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Dollar inches lower as attention turns to Fed leadership

Key Points
  • Dollar edged down as investors focused on who would be appointed as the next Federal Reserve chair
  • Euro firmed ahead of the European Central Bank's meeting
Dan Kitwood | Getty Images

The dollar edged down on Tuesday, stepping back from recent highs as market attention turns to who will be the next head of the U.S. central bank.

President Donald Trump told reporters on Monday he is "very, very close" to deciding who should chair the Federal Reserve after interviewing five candidates for the position.

These include current Fed Chair Janet Yellen, whose term expires in February, as well as Fed Governor Jerome Powell, Stanford University economist John Taylor, Trump's chief economic advisor Gary Cohn, and former Fed Governor Kevin Warsh.

"It's a big question for the markets. It's one thing to speculate about it,but it's another to take an FX position," said Bart Wakabayashi, branch manager for State Street Bank in Tokyo.

"Still, the rumors trigger some selling and buying, on perceptions of who might be more dovish or more hawkish," he said.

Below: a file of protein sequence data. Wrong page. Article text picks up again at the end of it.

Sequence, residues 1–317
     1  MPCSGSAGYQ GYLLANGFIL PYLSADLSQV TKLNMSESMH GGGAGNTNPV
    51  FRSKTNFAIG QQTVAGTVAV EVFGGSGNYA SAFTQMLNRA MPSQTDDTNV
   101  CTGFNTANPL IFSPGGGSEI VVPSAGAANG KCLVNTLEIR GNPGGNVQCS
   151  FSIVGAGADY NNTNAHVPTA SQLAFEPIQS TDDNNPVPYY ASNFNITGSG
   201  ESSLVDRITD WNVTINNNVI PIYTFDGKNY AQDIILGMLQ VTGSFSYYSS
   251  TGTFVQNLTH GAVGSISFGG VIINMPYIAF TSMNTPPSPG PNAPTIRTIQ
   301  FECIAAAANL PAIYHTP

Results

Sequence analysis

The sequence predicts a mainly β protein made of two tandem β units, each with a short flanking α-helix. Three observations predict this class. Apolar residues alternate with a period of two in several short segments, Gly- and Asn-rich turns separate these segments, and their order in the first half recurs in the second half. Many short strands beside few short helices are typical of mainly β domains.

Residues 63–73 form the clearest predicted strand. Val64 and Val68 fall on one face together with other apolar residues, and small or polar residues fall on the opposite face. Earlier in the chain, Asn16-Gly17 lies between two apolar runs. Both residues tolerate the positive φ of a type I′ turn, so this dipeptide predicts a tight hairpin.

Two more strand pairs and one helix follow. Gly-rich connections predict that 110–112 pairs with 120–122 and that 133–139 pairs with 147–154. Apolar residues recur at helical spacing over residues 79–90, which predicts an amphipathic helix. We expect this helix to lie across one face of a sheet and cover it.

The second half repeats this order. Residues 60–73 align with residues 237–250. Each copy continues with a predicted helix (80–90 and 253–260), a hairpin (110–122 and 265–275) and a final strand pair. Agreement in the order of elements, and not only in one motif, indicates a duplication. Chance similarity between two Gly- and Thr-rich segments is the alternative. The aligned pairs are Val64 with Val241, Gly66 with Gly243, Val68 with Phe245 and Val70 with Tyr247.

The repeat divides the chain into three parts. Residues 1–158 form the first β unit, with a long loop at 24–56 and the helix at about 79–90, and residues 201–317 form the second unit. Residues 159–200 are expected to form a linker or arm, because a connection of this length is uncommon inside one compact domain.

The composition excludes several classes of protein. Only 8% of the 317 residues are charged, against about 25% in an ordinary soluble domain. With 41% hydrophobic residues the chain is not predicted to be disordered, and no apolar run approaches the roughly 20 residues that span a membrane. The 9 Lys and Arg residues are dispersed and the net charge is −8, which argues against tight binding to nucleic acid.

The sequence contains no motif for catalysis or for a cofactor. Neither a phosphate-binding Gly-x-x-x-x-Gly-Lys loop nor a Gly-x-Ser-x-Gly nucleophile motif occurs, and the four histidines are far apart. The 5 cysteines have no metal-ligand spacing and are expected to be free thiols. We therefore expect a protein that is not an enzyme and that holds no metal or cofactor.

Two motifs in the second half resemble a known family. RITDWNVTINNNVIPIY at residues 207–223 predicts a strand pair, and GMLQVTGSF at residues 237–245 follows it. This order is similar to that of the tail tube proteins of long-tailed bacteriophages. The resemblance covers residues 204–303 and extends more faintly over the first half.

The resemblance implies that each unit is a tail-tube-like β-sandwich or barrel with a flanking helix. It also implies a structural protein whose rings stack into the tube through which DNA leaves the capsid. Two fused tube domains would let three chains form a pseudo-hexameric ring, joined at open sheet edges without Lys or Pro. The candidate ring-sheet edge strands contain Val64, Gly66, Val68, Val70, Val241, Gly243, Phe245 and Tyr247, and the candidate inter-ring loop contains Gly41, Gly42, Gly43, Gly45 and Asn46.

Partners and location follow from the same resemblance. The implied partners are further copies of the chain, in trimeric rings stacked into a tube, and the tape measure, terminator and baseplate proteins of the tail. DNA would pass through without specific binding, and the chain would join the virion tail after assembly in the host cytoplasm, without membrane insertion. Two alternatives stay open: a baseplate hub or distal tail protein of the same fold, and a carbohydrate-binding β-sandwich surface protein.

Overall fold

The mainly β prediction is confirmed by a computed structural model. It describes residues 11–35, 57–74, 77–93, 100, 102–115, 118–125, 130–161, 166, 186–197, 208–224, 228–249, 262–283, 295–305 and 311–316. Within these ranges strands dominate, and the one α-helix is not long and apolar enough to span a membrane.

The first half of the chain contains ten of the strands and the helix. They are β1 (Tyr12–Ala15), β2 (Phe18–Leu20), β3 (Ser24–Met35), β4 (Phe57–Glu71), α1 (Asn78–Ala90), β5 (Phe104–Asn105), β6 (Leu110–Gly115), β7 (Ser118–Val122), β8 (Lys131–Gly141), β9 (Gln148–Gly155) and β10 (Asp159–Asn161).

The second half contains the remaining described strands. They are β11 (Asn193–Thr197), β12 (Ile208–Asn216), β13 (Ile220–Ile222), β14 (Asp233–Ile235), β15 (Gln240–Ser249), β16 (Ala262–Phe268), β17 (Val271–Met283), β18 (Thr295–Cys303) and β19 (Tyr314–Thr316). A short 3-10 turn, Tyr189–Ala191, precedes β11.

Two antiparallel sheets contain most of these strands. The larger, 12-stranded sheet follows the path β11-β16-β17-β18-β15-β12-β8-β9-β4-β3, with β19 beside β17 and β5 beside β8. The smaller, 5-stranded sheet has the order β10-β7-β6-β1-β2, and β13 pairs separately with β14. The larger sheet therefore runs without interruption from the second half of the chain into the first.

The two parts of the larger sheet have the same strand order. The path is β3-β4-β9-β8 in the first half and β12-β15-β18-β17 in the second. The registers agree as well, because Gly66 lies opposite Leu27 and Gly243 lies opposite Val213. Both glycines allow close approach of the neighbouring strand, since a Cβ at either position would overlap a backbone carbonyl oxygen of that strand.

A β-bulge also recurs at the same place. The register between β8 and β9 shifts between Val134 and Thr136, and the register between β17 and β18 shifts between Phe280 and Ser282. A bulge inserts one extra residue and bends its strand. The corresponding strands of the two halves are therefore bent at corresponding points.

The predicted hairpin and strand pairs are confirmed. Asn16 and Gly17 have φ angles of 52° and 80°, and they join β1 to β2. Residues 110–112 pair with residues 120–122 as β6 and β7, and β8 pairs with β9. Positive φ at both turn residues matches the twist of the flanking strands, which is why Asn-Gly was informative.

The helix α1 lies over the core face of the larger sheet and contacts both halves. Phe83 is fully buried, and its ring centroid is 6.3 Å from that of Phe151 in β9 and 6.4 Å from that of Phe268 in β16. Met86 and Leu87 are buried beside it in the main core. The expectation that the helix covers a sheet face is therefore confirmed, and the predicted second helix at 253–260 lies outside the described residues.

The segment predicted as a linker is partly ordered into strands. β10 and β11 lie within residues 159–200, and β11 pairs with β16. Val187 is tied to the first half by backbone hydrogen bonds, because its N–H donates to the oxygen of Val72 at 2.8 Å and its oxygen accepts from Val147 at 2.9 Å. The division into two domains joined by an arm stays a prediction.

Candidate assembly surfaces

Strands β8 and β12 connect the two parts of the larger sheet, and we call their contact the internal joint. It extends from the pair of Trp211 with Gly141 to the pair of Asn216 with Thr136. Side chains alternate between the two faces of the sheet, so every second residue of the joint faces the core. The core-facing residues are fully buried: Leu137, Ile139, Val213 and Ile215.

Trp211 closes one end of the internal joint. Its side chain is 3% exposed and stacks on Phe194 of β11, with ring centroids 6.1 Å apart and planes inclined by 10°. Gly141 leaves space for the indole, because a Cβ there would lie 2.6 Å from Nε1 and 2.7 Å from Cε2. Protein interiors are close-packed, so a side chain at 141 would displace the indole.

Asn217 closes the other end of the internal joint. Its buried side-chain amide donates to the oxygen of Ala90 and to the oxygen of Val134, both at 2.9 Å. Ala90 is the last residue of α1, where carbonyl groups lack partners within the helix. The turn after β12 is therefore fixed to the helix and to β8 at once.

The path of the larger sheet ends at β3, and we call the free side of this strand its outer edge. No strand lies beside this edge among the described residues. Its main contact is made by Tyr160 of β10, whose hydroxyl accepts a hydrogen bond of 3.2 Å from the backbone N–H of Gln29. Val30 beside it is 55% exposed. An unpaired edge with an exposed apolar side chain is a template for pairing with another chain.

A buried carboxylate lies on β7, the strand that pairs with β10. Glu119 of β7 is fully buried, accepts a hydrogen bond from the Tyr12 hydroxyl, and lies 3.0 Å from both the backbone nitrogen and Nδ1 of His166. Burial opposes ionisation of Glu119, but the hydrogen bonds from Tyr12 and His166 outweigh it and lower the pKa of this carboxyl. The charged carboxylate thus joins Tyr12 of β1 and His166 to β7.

Investors are also following U.S. tax reform developments. The Senate's approval of a budget resolution on Friday raised hopes that Trump's tax plans would move forward this year.

The dollar index, which tracks the greenback against a basket of six major rivals, was down 0.02 percent at 93.92, moving away from 94.017, which had been its highest since Oct. 6.

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The euro added 0.09 percent to $1.1758, though its gains were seen capped ahead of the European Central Bank's policy meeting on Thursday, where the authority is expected to signal it will take small steps away from its ultra-easy monetary policy.

Catalonia's separatist crisis pressured the euro. Madrid has invoked special constitutional powers to dismiss the Catalonian regional government and force elections to counter the independence movement.

A vote in the national Senate to implement direct rule on Catalonia is due on Friday.

The , meanwhile, had the rug pulled out from under it after the country's incoming Labour government laid out its left-leaning policies. It was last down 0.2 percent at $0.6949, within sight of a five-month low of $0.6932 plumbed on Monday.

The policies were seen as unfriendly to foreign investment and immigration, and could weigh on the currency given the country runs a current account deficit.

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